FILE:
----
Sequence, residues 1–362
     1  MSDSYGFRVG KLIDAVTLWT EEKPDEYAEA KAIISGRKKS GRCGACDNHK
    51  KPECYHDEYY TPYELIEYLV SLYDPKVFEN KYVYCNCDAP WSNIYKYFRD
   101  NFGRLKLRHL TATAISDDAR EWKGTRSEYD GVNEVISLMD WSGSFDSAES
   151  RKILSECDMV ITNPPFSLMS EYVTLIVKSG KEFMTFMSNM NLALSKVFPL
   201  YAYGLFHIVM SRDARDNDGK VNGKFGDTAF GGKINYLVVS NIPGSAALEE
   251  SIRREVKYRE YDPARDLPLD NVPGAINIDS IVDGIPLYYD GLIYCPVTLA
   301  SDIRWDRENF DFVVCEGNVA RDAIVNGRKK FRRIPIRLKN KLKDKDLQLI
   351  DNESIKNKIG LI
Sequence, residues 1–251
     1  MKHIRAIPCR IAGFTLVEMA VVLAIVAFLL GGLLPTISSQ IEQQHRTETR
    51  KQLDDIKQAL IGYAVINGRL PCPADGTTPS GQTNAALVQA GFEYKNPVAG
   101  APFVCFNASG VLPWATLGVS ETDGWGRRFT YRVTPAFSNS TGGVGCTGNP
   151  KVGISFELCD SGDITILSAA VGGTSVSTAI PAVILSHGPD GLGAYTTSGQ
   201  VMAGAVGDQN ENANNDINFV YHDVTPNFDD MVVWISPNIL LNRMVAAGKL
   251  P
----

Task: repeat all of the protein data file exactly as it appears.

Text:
Sequence, residues 1–362
     1  MSDSYGFRVG KLIDAVTLWT EEKPDEYAEA KAIISGRKKS GRCGACDNHK
    51  KPECYHDEYY TPYELIEYLV SLYDPKVFEN KYVYCNCDAP WSNIYKYFRD
   101  NFGRLKLRHL TATAISDDAR EWKGTRSEYD GVNEVISLMD WSGSFDSAES
   151  RKILSECDMV ITNPPFSLMS EYVTLIVKSG KEFMTFMSNM NLALSKVFPL
   201  YAYGLFHIVM SRDARDNDGK VNGKFGDTAF GGKINYLVVS NIPGSAALEE
   251  SIRREVKYRE YDPARDLPLD NVPGAINIDS IVDGIPLYYD GLIYCPVTLA
   301  SDIRWDRENF DFVVCEGNVA RDAIVNGRKK FRRIPIRLKN KLKDKDLQLI
   351  DNESIKNKIG LI
Sequence, residues 1–251
     1  MKHIRAIPCR IAGFTLVEMA VVLAIVAFLL GGLLPTISSQ IEQQHRTETR
    51  KQLDDIKQAL IGYAVINGRL PCPADGTTPS GQTNAALVQA GFEYKNPVAG
   101  APFVCFNASG VLPWATLGVS ETDGWGRRFT YRVTPAFSNS TGGVGCTGNP
   151  KVGISFELCD SGDITILSAA VGGTSVSTAI PAVILSHGPD GLGAYTTSGQ
   201  VMAGAVGDQN ENANNDINFV YHDVTPNFDD MVVWISPNIL LNRMVAAGKL
   251  P